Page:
Nobody can ever say that you don’t have class.
Nope, you’ve got a big one this year, and it contains more kids than you’ve ever taught before. More possibilities and responsibilities, more eager faces.
For them, you’ve organized your classroom and arranged it twice. You’ve packed in supplies, finished behind-the-scenes paperwork, and made reams of lesson plans. You’re ready for your pupils … aren’t you?
Even veteran teachers ask that question, and in the new book “Real Talk for Real Teachers” by Rafe Esquith, you’ll get some classy answers.
When you’re a brand-new teacher, the vision you have of your very first classroom probably resembles a Hollywood movie: you’ll get a roomful of problem kids but you’ll somehow connect with them and turn them into scholars.
Esquith, a 30-year veteran, said it doesn’t happen that way. You’ll have students you can help, and students who will make you doubt your career choice — which leads to his first advice: “You are going to have bad days.” They’re inevitable because kids aren’t usually “golden drops of sunshine,” the job can be stressful, everything you plan “sooner or later falls apart” and “teaching hurts.”
And yet, there are reasons to smile — so do it. Make sure students know they can ask you anything, without ridicule. Hold them to high standards, but let them make their own decisions. Know that interesting lessons are “the most effective way to keep a class in order…” and keep in mind that homework can sometimes kill the joy of learning.
When helping a child who needs it, remember that certain lessons are more important than others. Don’t hold achievers back while working with kids who are behind. And understand that there are times when some kids should be left behind.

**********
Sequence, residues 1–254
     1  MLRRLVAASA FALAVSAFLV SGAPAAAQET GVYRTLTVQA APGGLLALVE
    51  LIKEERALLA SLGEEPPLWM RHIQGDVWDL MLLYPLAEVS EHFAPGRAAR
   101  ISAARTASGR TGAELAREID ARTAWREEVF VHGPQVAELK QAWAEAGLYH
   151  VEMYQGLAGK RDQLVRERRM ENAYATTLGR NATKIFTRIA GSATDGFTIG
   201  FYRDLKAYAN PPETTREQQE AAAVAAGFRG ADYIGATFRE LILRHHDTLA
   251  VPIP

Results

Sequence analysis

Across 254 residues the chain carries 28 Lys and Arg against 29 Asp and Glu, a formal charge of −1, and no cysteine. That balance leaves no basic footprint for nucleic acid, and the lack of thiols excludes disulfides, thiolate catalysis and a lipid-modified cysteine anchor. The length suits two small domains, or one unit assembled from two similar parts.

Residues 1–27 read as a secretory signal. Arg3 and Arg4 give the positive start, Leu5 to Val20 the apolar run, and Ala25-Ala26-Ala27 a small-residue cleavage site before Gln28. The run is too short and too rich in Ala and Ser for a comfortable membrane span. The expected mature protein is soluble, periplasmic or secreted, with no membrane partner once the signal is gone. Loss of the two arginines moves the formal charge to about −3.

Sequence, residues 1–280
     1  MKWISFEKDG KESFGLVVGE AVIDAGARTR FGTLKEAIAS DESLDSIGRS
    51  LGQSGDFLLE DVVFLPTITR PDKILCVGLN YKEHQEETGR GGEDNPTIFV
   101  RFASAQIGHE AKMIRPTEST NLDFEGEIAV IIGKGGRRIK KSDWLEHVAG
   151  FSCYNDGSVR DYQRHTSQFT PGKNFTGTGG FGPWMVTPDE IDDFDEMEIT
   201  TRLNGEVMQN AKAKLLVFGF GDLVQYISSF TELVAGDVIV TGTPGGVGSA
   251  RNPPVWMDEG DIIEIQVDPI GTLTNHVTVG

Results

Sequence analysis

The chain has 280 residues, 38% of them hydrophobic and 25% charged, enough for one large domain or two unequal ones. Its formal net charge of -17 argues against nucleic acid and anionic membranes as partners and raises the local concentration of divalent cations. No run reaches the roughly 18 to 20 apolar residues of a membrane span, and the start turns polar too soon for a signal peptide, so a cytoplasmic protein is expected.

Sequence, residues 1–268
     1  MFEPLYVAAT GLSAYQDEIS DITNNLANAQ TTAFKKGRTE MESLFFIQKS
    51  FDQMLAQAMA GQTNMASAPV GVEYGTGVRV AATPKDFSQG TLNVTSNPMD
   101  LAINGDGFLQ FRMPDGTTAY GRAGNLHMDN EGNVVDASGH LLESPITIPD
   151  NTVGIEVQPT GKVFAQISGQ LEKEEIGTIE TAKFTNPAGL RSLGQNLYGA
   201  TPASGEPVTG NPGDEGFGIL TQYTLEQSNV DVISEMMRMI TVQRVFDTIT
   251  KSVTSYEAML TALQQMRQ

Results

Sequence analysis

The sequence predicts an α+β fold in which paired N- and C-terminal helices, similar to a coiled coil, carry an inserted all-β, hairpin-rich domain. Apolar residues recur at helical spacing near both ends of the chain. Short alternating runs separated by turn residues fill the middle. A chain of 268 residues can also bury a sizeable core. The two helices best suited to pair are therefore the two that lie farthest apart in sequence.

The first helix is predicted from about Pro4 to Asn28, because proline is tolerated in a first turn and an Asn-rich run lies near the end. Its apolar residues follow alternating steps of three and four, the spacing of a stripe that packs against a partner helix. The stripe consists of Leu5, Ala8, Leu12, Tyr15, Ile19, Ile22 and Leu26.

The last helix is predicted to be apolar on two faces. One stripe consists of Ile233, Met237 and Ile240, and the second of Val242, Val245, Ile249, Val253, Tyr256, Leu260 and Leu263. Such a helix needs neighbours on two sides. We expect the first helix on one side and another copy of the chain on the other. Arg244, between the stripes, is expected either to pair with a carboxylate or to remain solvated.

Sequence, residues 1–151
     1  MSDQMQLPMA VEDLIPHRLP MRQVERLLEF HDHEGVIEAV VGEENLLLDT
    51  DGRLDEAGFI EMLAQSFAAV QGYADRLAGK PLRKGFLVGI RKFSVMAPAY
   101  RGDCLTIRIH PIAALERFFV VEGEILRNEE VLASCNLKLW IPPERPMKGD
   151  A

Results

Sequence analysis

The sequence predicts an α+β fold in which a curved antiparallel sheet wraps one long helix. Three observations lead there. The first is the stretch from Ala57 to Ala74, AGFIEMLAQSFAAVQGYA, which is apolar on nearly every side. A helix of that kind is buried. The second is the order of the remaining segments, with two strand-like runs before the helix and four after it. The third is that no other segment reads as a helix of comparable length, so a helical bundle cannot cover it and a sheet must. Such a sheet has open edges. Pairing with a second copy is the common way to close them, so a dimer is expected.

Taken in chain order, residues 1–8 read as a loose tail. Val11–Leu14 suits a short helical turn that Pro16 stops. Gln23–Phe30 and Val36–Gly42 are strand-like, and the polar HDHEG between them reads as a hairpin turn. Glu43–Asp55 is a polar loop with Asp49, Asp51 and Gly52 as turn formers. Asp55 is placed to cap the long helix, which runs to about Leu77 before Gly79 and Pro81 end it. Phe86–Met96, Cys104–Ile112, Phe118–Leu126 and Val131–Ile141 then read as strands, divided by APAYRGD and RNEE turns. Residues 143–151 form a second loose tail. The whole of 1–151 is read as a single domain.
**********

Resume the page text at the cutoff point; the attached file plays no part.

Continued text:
Choose your battles wisely behind the scenes, Esquith said; know when to fight and when to wait. Accept that your influence on a child doesn’t trump that of the child’s family or circumstances. Learn to deal with haters. And remember that, in the classroom, one size doesn’t fit all because students are not all created equal.
Though it may seem like “Real Talk for Real Teachers” has a very narrow audience in its focus on first- or second-year teachers, I think there’s also a surprisingly large group of readers who need this book: parents.
There is, in fact, quite a lot of information that will help parents become their child’s best cheerleader and their child’s teacher’s best ally.
Bring a lot of bookmarks when you read this book, because it’s packed with info who you’ll want to remember. If you’re a teacher or have kids that will have one soon, get “Real Talk for Real Teachers” — and don’t be tardy.